They also called for the college to affirm that “faculty, staff, and students at King’s University College are not mandated to ascribe to all or any elements of Catholicism.”

"The public endorsement of an anti-abortion stance at King's University College by the Director of Campus Ministry is of great concern to the viability of our institution as we work to recruit and maintain excellent students, staff and faculty."

Bechard, a priest in the Diocese of London, told The Gazette prior to the screening that the goal of the film showing was not to persuade anyone’s opinions on abortion but simply to have a conversation around the issue. 

"It's part of our values and our mission statement to support life in all its stages, from conception to natural death,” Bechard said in accordance with traditional Roman Catholic teaching. “And we hope that this will begin to really challenge people to think about how we are responding to the many complex needs in our community.”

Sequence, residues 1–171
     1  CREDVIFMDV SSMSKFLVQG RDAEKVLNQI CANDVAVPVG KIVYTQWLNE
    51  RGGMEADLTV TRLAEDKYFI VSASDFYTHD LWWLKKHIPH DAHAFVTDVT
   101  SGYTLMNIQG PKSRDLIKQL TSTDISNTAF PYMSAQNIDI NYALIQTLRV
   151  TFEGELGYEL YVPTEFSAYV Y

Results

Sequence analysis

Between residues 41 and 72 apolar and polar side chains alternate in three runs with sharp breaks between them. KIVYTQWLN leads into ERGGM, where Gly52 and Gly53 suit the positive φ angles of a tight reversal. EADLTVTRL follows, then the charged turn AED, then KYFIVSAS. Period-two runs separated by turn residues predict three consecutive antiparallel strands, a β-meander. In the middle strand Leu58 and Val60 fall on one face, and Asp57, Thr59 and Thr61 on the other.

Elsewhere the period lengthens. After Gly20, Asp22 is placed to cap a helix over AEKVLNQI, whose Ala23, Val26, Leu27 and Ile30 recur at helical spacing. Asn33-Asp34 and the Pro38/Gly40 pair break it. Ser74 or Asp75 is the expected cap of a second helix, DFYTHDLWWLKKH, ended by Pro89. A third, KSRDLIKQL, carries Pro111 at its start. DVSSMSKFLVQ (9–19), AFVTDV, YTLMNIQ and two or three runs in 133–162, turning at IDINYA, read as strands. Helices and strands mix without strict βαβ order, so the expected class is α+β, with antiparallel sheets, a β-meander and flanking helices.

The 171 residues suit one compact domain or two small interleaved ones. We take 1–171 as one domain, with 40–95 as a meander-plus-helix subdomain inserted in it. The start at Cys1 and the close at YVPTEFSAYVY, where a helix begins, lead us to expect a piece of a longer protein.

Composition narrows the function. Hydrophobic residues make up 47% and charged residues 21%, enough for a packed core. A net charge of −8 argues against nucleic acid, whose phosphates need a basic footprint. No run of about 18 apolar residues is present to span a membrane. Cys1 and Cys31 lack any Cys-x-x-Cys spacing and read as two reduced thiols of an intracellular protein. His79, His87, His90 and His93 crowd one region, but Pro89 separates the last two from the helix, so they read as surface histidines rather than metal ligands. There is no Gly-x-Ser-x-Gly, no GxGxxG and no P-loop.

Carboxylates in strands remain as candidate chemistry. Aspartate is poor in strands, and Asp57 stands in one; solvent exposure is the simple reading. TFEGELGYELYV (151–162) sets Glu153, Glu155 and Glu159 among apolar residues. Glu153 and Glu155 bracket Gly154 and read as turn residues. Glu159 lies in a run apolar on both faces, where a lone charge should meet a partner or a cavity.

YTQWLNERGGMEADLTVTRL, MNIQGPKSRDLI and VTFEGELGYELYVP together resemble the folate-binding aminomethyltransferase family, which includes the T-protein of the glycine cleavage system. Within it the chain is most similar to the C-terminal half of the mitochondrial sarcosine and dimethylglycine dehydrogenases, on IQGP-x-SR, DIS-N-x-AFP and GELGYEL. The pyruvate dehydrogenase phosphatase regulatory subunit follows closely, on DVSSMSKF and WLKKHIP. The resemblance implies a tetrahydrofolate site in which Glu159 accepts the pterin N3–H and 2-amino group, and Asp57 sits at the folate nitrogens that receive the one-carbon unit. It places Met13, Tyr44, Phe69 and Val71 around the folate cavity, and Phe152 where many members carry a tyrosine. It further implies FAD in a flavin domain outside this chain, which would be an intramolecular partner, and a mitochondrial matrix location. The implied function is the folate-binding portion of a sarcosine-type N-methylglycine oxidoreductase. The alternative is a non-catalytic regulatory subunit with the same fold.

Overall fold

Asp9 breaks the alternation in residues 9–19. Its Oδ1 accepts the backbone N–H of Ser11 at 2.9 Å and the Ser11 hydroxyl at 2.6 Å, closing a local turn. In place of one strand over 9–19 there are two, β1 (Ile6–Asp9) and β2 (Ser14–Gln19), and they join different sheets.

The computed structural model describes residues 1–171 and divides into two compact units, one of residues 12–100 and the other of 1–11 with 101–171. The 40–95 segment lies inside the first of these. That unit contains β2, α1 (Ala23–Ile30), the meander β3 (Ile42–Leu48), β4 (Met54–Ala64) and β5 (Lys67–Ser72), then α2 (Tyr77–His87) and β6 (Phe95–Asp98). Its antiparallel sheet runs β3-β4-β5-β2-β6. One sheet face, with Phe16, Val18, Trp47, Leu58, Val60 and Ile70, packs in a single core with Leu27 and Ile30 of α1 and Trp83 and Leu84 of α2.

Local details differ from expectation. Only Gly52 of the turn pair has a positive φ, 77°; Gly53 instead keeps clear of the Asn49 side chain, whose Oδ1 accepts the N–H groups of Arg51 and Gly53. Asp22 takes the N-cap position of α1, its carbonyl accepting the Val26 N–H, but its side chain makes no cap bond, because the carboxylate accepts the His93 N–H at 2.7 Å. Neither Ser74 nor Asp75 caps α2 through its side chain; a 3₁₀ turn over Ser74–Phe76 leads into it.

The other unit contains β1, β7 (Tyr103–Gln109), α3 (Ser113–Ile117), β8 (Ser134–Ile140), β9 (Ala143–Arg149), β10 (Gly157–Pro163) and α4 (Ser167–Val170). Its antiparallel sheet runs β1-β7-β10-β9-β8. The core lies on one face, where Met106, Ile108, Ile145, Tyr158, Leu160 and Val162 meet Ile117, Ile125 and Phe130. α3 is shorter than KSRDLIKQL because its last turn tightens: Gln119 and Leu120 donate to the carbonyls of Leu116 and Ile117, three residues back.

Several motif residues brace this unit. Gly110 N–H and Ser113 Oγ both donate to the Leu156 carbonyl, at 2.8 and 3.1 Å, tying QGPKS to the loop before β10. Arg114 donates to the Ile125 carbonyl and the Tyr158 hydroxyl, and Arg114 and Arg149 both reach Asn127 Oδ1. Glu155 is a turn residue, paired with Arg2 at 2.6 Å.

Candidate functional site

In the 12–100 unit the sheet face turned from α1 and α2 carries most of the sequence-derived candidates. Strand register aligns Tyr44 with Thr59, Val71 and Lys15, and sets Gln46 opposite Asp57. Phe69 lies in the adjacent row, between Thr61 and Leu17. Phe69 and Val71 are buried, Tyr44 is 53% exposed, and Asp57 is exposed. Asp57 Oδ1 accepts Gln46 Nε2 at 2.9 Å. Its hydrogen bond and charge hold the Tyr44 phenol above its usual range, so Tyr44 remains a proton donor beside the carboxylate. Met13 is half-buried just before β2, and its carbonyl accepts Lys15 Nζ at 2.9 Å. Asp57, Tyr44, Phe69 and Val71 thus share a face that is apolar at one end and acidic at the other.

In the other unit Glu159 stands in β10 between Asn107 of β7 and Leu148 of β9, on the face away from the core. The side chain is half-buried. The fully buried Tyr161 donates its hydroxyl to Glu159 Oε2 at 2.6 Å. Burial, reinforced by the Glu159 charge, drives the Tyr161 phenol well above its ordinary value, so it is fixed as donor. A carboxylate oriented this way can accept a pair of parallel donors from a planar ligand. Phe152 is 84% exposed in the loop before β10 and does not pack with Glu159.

Despite his intentions, critics believe Bechard “underestimated the commitment to deep debate at King’s University College.” 

“Consequently, we have lost the opportunity to engage a highly inflammatory issue in an informed, deliberative context,” the faculty contended. “We have lost the opportunity to model to our students and the broader community the methods of inquiry and debate that are at the centre of the liberal arts."

David C. Malloy, principal of the college, responded to the faculty’s concerns in a statement posted to the college’s website. He explained that the film screening is “consistent with King’s mission to be a place where controversial topics can be presented and discussed.”